It’s been an interesting start to a difficult year, but as long as you don’t fall for the idea that you’re already clever, you can always count on learning something from a challenging environment.
There are several words in our professional vocabularies that are underutilised because they’re not pretty, not immediately gratifying and not fun to say.
Here are a few of them and, crucially, here’s what you can gain in your career by using them:
Elton John told us it was the hardest word to say and he might be right. Our business made a mistake on a project at the end of last year. We tried to tell ourselves that we didn’t make the mistake, it was our supplier. Which was our second mistake.
In this game, you absolutely have to take responsibility for the players you bring on to your team. It becomes even more important if you’re running a ‘lean’ operation, managing a network of specialists, partners and delivery vendors. It becomes compounded as the range of deliverables we offer continues to expand, as we move our core business upstream into ‘thinking’ rather than just ‘doing’.
But I digress, (which a natural human reaction when you realise you’ve erred). It took us longer than we should have, but once we put our arms around the problem, acknowledged the damage from the clients’ perspective and started working our butts off to correct it, things started to heal.
We’ve taken the position that the healing is never quite done and we’re much more alert to both the potential for error (greater oversight of partners’ work) and the potential for damage (closer communication with our clients post-delivery).
It didn’t kill us to say ‘sorry’. With the right approach, it can make you stronger.
When you’re in a professional services industry, naturally you want to offer lots of services. It’s not that you want to offer all of the services, but you do want to offer everything your client needs. Which can lead you to accepting (or pitching for) projects that you’re not set up for, not experienced in or, even worse, not brilliant at.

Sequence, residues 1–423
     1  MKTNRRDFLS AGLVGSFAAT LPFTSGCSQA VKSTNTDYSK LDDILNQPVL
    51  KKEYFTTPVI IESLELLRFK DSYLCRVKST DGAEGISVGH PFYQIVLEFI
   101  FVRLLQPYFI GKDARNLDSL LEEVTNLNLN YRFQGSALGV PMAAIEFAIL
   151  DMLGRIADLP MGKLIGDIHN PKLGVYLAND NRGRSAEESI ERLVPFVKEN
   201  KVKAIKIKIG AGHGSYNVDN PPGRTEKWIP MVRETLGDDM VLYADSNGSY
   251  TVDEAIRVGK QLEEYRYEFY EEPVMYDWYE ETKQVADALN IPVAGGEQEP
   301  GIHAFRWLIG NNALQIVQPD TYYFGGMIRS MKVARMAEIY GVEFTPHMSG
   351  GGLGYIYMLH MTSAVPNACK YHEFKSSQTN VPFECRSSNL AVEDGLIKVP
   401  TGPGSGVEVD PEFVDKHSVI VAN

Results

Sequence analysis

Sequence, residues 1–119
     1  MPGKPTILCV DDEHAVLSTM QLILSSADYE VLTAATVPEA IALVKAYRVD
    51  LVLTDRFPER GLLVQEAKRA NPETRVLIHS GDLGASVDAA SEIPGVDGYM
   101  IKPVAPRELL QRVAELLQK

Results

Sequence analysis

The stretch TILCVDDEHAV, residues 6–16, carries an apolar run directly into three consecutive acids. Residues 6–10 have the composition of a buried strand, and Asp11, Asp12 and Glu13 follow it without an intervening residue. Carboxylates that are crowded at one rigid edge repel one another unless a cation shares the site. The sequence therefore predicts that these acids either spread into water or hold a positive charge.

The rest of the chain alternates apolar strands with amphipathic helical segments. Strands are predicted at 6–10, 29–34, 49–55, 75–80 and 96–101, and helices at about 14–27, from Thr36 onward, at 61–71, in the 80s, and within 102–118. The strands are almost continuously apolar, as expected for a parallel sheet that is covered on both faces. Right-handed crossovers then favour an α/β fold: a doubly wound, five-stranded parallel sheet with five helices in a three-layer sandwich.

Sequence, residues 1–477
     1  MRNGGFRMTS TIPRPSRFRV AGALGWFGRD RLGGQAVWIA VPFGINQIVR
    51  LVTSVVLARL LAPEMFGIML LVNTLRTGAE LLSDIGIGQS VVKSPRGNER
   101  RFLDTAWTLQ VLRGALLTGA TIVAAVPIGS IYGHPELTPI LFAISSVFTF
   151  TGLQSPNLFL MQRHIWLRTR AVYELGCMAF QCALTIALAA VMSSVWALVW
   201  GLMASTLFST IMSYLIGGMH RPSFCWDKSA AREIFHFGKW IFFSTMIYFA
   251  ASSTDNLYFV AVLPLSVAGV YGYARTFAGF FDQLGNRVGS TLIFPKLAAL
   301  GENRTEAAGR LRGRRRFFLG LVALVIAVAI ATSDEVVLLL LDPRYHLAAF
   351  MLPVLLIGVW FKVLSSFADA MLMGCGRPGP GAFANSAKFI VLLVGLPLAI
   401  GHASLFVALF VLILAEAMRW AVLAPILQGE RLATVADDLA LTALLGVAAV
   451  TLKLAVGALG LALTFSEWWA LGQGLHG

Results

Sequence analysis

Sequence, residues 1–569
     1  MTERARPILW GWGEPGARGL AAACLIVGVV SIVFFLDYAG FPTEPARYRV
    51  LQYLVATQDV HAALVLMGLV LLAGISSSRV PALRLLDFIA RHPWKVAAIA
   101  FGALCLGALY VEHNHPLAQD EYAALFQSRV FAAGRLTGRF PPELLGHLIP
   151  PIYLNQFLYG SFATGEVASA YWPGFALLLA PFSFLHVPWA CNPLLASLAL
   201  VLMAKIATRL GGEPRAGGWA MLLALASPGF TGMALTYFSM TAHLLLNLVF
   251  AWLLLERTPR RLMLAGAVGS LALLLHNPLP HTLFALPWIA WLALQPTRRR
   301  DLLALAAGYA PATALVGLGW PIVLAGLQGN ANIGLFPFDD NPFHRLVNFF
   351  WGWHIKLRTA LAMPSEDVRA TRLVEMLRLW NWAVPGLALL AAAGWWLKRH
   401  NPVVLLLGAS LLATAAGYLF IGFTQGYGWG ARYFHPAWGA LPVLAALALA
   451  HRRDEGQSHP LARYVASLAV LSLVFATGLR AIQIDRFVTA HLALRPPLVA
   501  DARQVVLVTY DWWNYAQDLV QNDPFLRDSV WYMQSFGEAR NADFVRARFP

The simple advice: just say ‘no’.
We’ve been through this recently at Wordsearch with our larger development clients who want to talk to us about placemaking. We know a great deal about it and know how to use it in a marketing context, but it’s a distinct professional skill (like architecture or landscape design), so we’ve resisted taking on pure ‘placemaking’ projects until we were ready.
We’ve since recruited specialists in the field and developed a separate business unit called Wordsearch Place, which works with developers on integrating different types of placemaking into their product. It aligns perfectly with the core marketing skills of Wordsearch itself, but it is a separate, distinct skillset. In our case, saying ‘no’ for a while bought us the time to create the conditions where we could confidently (and professionally) say ‘yes’ more often.
This one is actually a personal lesson. In an exciting new development of my mid-life crisis, I’ve decided I wanted to get good at riding my dirtbike.
For a while, I tried to have a wheel on both the tarmac and the gravel but, ultimately, I realised that if I wanted to seriously improve at a new sport at this stage of life, I’d have to focus. So, I said goodbye to my beloved roadbike. Which wasn’t easy.
The ‘dirtbike dilemma’ reminded me of the several times in my career where I thought I should get more ‘well-rounded’ in my creative skills by adding some art-direction techniques and learning how to use Photoshop & Indesign.
I’m glad I resisted because I ended up concentrating on the thinking rather than the doing.
In that case, saying ‘Goodbye’ to the idea of multi-skilling ultimately led me to the professional place where I’m happiest and (arguably) most effective.
Maybe it will also get me to the place where I can not only jump a dirtbike consistently but land it as well.